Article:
Ask a PT: To Inject, or Not to Inject?

Question: My pain management doctor insists that I need injections to treat my neck pain with symptoms running down my arm and weakness in my hand. On the MRI there is no one area that seems to be the source of this pain. Should I get the injection anyway?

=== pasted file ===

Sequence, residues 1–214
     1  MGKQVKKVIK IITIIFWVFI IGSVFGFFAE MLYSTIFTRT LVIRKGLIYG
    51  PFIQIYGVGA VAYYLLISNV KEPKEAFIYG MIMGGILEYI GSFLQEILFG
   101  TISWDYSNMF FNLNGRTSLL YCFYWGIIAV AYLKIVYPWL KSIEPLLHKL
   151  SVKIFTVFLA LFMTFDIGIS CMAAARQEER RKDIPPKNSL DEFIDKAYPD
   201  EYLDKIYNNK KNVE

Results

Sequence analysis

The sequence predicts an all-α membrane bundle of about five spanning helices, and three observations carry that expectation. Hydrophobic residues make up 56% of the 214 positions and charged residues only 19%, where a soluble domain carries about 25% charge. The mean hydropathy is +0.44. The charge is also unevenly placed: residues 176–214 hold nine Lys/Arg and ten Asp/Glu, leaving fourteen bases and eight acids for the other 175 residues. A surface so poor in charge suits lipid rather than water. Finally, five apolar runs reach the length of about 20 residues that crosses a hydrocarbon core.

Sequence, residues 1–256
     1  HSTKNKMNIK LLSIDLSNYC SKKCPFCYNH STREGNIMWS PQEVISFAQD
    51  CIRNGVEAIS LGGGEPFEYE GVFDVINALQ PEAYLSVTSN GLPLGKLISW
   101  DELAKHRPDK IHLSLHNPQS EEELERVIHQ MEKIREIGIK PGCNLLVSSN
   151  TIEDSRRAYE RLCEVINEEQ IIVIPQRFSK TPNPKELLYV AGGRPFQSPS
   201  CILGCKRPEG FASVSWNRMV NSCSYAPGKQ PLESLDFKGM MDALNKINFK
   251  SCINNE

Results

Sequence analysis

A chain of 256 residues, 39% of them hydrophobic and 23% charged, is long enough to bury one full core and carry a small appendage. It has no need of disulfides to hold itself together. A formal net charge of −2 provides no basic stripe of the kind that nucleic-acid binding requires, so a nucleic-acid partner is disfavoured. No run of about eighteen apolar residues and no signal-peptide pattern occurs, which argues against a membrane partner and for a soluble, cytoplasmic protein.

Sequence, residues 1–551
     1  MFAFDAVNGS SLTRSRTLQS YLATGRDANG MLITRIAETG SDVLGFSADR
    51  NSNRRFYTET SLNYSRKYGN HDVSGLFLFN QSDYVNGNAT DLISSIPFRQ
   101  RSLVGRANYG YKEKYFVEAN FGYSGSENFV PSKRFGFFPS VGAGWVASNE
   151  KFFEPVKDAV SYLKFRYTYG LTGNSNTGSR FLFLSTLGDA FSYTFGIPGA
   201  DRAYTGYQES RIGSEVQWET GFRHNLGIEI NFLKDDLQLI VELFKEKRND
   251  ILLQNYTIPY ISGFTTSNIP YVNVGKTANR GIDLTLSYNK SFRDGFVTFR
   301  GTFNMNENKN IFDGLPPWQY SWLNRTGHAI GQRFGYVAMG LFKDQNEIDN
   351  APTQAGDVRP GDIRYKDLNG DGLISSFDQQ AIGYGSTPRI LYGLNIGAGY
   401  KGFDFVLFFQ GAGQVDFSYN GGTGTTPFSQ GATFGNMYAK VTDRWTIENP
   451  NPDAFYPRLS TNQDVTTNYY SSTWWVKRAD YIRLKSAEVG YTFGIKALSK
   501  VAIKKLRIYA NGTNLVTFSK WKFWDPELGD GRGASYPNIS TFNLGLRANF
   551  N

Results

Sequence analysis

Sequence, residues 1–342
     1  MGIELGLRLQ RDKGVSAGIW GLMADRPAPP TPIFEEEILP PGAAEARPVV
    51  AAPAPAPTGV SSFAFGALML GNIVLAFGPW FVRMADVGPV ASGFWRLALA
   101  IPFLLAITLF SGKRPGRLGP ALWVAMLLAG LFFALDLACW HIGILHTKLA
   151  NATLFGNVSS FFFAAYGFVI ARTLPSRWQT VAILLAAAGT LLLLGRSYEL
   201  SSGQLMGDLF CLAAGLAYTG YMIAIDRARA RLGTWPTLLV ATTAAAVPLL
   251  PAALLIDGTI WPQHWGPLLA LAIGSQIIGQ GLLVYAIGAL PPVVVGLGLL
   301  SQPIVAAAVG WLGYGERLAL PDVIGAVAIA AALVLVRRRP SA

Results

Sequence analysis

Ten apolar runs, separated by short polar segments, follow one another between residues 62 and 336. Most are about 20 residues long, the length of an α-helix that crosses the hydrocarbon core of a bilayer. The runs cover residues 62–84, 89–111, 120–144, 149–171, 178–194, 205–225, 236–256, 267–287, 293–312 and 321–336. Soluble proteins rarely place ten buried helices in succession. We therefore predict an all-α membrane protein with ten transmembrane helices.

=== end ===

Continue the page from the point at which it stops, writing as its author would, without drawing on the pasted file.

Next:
Answer: Injections are one of many treatment options for patients with radicular nerve pain. However, there is a certain order of treatment that makes a lot of sense for the majority of patients, starting with the most conservative intervention (physical therapy, oral medication), then the next step being injections if the symptoms have not improved, and the final step being potential surgery. Many insurance companies will not authorize injections unless physical therapy is tried first. Why? Most patients improve in physical therapy and end up never needing an injection at all. With injection success rates at 50% or less and the pain returning in days or weeks after, it makes sense to try the most conservative and the treatment most likely to succeed prior to trying injections. Also, if there is no specific area on the MRI indicating nerve compression at a specific level of the neck, there is a real chance the problem is not even at the cervical spine, but rather down the brachial plexus bundle of nerves where it passes through a small space between the scalene muscles on the side of the neck, under the posterior first rib, and under the pec minor muscle at the front of the shoulder. None of these areas of potential nerve compression would benefit from an injection at the cervical spine. If your doctor is pushing injections before trying physical therapy, ask to try PT with a manual physical therapist at MotionWorks first- you won’t regret it.